Len Dastard tackles the proposed Consumer Right Directive
Escuche arriba, hermosas personas! It is I, Len Dastard, full time litigation executive and part time pretend lucha libre! You know that by now, of course. You don't? I spit on your mother grave, you worthless hijo de un burro. Get out of my sight.
There is some new legislation which had its first reading in the European Parliament in March which could impact consumers and retailers greatly. It's called the Consumer Rights Directive, and its primary aim is to tackle and amend the following consumer rights acts:
• The sale of consumer goods and guarantees
• Doorstop selling
• Distance Selling; and
• Unfair contract terms
We have looked at the Distance Selling Regulations a few times so the avid reader will be aware of that particular legislation. The ultimate goal of the Consumer Rights Directive is to protect online shoppers and boost consumer confidence in buying in other member states. If this is passed it will apply to transactions made in a shop, on the telephone, online or by mail order.
Some of the standout amendments proposed include:
• Retailers will be forced to cover the return costs for orders with a value of more than €40.
• Consumers are given (across the EU) a 14 day window when buying abroad in which to change their mind (as I am sure you know, the current “cooling off” period is 7 working days)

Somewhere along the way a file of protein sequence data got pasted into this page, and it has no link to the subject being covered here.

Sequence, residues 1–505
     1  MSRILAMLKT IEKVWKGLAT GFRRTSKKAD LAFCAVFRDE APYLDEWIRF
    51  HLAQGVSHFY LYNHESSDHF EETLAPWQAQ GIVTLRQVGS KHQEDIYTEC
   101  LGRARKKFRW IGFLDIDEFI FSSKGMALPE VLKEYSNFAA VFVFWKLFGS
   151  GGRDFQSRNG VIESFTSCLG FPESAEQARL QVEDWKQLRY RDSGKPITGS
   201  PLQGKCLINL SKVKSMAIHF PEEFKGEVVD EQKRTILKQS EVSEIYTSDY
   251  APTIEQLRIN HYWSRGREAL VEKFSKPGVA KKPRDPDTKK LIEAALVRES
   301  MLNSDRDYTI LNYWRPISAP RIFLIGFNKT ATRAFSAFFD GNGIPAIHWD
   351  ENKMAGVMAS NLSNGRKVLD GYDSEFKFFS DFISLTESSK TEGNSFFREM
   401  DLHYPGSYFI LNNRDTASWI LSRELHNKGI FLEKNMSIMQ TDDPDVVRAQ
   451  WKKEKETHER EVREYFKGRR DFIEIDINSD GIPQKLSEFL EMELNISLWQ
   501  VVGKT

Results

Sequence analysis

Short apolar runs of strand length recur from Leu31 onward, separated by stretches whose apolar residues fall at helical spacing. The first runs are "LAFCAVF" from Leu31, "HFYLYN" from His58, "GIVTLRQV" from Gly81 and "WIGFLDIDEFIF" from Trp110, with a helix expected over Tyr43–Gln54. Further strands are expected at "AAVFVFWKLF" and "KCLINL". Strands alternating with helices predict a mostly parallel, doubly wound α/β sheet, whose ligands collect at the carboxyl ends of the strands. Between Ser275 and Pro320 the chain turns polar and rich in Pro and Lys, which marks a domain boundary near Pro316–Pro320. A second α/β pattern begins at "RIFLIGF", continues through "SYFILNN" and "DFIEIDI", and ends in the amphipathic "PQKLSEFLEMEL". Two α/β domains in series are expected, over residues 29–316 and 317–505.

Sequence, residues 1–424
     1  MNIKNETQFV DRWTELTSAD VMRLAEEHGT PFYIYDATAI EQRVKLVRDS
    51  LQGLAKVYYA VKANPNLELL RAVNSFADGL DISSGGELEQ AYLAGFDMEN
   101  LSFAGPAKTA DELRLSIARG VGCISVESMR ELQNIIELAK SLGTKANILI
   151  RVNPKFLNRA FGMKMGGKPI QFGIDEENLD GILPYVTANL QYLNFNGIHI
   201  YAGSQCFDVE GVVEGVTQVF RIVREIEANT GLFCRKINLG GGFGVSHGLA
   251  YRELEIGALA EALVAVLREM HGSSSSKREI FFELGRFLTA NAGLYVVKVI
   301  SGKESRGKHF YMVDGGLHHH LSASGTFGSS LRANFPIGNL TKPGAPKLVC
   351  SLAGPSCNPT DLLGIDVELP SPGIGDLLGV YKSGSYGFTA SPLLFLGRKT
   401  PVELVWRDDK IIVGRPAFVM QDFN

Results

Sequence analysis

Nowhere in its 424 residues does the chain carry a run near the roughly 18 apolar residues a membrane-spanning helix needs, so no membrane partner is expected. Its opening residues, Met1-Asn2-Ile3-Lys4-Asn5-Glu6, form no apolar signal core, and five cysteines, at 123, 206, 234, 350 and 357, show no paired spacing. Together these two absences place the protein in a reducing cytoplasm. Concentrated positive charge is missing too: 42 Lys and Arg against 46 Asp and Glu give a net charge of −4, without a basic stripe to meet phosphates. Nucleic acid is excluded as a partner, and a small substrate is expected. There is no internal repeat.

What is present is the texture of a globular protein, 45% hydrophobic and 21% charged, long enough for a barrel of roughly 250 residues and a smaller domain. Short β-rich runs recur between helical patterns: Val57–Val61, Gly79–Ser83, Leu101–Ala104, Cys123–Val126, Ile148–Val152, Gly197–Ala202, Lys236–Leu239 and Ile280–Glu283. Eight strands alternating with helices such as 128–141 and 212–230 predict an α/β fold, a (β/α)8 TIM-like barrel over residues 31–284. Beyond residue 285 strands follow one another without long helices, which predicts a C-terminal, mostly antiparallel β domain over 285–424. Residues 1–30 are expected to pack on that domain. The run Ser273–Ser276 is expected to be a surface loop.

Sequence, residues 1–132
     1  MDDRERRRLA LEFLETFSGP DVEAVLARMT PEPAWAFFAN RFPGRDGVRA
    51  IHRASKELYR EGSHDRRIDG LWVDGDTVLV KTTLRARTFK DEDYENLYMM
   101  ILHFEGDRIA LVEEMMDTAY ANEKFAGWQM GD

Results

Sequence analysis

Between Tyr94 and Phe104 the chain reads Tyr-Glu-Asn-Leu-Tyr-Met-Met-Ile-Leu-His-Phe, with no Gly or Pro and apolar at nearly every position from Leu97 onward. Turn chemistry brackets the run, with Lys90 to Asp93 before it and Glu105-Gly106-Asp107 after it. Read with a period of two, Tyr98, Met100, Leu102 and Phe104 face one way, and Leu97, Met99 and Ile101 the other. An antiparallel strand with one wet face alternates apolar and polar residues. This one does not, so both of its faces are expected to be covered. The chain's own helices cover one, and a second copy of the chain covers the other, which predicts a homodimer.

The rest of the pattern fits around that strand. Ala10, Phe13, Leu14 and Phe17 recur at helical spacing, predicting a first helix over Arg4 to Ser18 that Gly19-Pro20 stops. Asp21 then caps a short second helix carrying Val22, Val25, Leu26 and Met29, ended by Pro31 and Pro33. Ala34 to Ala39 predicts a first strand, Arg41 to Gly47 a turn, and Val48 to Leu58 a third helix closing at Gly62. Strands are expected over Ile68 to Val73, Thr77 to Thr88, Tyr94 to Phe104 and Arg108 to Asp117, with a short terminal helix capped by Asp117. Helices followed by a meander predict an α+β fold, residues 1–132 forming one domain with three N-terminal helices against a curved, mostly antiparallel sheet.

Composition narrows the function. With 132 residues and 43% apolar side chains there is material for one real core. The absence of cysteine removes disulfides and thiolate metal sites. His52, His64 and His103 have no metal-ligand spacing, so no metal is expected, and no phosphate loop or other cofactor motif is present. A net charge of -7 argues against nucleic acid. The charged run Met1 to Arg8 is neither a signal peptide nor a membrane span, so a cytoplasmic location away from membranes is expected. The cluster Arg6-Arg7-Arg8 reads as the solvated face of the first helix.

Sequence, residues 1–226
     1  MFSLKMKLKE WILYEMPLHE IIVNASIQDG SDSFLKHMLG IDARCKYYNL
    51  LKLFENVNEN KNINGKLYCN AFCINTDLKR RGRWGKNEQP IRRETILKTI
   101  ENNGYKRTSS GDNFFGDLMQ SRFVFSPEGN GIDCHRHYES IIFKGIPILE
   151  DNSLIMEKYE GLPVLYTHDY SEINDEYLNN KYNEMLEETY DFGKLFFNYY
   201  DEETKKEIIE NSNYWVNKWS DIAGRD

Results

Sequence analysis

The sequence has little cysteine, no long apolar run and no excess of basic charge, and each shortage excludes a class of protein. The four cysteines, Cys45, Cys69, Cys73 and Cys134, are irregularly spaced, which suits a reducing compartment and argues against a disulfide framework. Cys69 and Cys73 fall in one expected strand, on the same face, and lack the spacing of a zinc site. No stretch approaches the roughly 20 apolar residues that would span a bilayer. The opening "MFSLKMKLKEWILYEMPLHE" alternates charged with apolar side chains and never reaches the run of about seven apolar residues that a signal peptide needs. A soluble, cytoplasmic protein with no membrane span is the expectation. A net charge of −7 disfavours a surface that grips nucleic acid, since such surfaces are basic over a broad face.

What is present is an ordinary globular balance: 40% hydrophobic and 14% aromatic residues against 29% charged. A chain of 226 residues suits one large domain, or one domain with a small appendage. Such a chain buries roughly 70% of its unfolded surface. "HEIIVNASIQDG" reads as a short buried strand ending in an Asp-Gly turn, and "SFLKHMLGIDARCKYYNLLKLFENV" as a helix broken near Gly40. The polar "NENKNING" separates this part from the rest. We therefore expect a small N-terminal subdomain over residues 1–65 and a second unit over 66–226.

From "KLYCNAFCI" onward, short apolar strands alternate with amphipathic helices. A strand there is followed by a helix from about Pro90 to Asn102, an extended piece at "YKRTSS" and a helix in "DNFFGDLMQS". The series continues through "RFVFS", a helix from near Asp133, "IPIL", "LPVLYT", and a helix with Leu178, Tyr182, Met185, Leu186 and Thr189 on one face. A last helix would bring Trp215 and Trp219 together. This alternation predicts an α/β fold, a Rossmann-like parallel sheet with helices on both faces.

• Retailers will have a legal responsibility to deliver the goods within 30 days; the Consumer Rights Directive will allow the consumer the cancel the contract if the goods are not delivered within that time.
• All retailers will be required to sell into any EU country.
• Tighter rules on special “offers” advertised on the internet.
• Retailers will be required to give clearer pricing and contact details - they are calling this method “double click” acceptance.
It is clear from some of the above proposals that a massive burden will be placed on retailers. Whether or not these are unfair will be determined once more is known after the Consumer Rights Directive gets its final vote in June.
The one standout burden is the proposal of the retailer covering the return cost of the item (over €40) when the consumer is exercising their right to cancel under the (lets use the current) Distance Selling Regulations. Is it fair that the retailer should be stung for the return costs simply because the consumer has changed their mind? Are we not getting enough protection as it is? It will be interesting to hear your thoughts, as always.
If you have any other questions, problems or you just want to get in touch then email me, Len Dastard at email@example.com.